Sky's new medical series Critical makes realistic drama out of trauma, according to creator Jed Mercurio

‘Line of Duty’ writer/creator Jed Mercurio is returning to his medical drama roots

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The Independent Culture

It’s the little details Jed Mercurio loves most. The mounds of paperwork filed in police corruption drama Line of Duty; the attention paid by both Cardiac Arrest and Bodies to the mind-numbing bureaucratic tasks of the NHS; the way in which a trauma surgeon holds a scalpel in his latest medical series Critical. All these help convince audiences they’re watching real life.

Even his fiction – he has written three novels – is forensically detailed, whether explaining the effect of flight on the body in Ascent, his elegant tale of the space race, or detailing exactly how the levels of hormones in President John F Kennedy’s bloodstream affected his ability to govern in 2009’s American Adulterer.

“I like realism in drama and I like writing realism,” Mercurio admits. “I’m not scared of procedure and I’ll often seek that out. If something needs to happen on one of my shows then I’ll do the research, which usually involves talking to the people who do that job and then finding out the detail. It’s not just a case of being given a broad idea. I want to know exactly how something happens and I enjoy putting that into the work.”

Line of Duty and Critical writer Jed Mercurio (David Sandison)

We’re hidden away in a tiny back room in Soho’s Charlotte Street Hotel to discuss his Critical, which starts on Sky 1 on Tuesday and which he describes as “ultra-adrenalised … graphic … very vivid”. Set in a major trauma unit, it covers one case each week. Little is known about the each patient, instead the focus is on the operation. A clock counts down the minutes. At the end of the episode, life is saved, or lost.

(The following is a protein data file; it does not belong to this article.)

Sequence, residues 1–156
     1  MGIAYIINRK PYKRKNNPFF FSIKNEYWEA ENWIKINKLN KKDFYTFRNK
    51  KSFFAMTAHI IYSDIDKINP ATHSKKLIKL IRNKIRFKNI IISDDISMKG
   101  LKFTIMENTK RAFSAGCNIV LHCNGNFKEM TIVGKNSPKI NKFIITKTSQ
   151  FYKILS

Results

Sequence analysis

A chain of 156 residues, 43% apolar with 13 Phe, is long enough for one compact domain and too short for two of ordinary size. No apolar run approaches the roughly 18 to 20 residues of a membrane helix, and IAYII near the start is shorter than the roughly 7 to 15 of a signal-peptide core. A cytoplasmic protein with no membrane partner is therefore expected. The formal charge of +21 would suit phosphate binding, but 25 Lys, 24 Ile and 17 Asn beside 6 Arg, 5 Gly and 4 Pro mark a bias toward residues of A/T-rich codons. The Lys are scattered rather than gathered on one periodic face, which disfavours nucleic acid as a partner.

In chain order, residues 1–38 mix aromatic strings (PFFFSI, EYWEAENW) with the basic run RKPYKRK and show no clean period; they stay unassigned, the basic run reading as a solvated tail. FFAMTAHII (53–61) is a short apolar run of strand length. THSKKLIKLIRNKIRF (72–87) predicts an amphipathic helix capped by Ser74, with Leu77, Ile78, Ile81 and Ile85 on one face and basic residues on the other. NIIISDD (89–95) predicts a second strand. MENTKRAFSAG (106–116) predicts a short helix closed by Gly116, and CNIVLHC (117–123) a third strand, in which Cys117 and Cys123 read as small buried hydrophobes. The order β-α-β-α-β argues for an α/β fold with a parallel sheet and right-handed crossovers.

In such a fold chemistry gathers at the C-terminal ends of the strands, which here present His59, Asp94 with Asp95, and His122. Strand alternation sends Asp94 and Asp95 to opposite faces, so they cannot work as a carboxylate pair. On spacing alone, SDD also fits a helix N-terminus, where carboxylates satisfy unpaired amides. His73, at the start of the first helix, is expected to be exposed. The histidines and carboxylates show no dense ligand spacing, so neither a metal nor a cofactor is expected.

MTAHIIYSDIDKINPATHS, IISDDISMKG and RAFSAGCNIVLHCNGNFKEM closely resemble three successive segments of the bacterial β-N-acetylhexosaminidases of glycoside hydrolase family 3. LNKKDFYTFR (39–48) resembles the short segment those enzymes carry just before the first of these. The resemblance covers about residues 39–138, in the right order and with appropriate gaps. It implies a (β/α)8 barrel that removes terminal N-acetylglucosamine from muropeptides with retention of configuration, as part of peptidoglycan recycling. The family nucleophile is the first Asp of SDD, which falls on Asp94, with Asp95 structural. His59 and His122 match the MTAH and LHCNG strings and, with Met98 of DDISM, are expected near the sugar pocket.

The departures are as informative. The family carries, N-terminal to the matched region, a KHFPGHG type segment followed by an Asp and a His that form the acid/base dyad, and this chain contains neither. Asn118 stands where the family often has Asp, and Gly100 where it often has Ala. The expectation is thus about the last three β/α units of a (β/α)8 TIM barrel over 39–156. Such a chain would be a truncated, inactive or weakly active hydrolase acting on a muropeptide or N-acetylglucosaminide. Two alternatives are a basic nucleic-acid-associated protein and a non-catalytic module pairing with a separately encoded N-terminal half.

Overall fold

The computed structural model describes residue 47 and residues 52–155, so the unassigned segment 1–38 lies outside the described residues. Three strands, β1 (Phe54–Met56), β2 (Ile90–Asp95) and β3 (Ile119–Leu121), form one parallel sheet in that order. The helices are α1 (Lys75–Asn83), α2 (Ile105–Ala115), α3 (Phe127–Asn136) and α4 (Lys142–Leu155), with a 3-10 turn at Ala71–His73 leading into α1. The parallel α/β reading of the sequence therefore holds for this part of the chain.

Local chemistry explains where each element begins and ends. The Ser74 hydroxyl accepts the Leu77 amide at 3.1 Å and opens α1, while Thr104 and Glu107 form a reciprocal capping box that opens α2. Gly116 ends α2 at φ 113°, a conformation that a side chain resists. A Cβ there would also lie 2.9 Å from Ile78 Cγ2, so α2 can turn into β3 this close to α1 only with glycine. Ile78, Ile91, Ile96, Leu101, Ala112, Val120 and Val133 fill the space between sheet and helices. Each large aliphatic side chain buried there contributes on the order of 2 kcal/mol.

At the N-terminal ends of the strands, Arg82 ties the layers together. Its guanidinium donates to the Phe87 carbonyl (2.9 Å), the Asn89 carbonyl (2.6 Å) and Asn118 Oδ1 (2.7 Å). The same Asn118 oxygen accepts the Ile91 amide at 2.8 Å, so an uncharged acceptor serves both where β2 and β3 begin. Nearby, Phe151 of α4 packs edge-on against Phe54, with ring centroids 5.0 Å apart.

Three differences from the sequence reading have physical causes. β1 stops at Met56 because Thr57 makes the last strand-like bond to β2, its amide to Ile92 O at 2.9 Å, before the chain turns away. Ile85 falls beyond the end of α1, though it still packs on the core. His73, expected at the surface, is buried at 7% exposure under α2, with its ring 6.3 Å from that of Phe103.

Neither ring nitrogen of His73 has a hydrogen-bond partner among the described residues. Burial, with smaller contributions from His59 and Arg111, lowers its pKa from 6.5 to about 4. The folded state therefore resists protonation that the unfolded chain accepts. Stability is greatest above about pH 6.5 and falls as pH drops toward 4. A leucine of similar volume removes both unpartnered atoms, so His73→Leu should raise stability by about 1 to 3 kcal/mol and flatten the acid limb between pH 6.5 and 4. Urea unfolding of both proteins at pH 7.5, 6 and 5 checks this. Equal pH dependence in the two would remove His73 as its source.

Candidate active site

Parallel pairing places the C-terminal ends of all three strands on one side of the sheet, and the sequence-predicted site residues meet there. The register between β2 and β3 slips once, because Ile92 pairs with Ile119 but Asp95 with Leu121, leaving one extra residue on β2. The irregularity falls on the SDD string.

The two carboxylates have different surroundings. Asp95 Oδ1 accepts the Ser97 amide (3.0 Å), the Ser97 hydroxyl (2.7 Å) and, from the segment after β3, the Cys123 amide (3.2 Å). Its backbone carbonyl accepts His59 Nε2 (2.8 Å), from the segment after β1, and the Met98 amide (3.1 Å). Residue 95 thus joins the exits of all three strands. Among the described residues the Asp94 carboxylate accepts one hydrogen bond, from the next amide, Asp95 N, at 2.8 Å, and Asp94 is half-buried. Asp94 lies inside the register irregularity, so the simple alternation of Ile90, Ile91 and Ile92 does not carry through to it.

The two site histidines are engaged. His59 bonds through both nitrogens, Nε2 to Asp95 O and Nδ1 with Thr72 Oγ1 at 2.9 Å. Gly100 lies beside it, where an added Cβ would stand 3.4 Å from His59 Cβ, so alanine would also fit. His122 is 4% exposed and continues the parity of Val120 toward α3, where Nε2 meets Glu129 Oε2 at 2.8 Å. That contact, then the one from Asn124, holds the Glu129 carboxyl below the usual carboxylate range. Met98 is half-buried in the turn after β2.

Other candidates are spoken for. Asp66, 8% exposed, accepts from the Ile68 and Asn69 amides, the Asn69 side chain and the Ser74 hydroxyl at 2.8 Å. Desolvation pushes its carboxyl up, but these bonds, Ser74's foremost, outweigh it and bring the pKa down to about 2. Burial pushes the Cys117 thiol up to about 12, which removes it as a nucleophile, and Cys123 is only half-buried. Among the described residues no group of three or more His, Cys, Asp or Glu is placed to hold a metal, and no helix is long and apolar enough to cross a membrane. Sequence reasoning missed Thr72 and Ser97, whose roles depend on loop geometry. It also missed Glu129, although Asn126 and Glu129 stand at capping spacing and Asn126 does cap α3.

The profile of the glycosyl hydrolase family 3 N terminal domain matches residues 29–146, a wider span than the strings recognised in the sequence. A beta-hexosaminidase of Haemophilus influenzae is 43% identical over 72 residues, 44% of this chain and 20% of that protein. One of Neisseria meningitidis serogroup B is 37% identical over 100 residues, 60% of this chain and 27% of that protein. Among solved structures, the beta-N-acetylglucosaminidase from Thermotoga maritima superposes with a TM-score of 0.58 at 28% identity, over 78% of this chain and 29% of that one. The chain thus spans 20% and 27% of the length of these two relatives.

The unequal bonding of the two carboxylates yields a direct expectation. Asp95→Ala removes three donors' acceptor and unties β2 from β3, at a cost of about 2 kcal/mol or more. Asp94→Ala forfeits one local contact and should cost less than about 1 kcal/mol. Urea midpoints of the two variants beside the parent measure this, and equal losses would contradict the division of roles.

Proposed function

If that sounds like a cross between a documentary series and 24, it almost is. It’s also strangely compelling, largely because of that attention to detail. While there may be recognisable actors in the cast – including Lennie James as the Trauma Team Leader and Fresh Meat’s Kimberley Nixon as the team’s desperately keen newest member – their movements as they bustle around the prone patient are so realistic that it feels as though you’re eavesdropping on life.

“I’m interested in the world of work,” Mercurio says. “It defines people. If you have someone who investigates crime and isn’t a police officer, it’s ridiculous because it doesn’t exist in the real world. No crime has ever been solved by someone who wasn’t a police officer, ever, anywhere. But the other thing is you’re constantly having to negotiate with the audience about what jurisdiction they’ve got.”

The cast of Line of Duty

Outspoken, forthright and secure in his opinions, Mercurio doesn’t suffer fools – or foolish questions. This is clear when we come to discuss last year’s second series of Line of Duty: hugely successful as it was, with much acclaim, particularly, going to Keeley Hawes’s lead performance as a cop under suspicion, its ending proved a letdown for many, and Mercurio makes clear he did not appreciate some of the online chatter.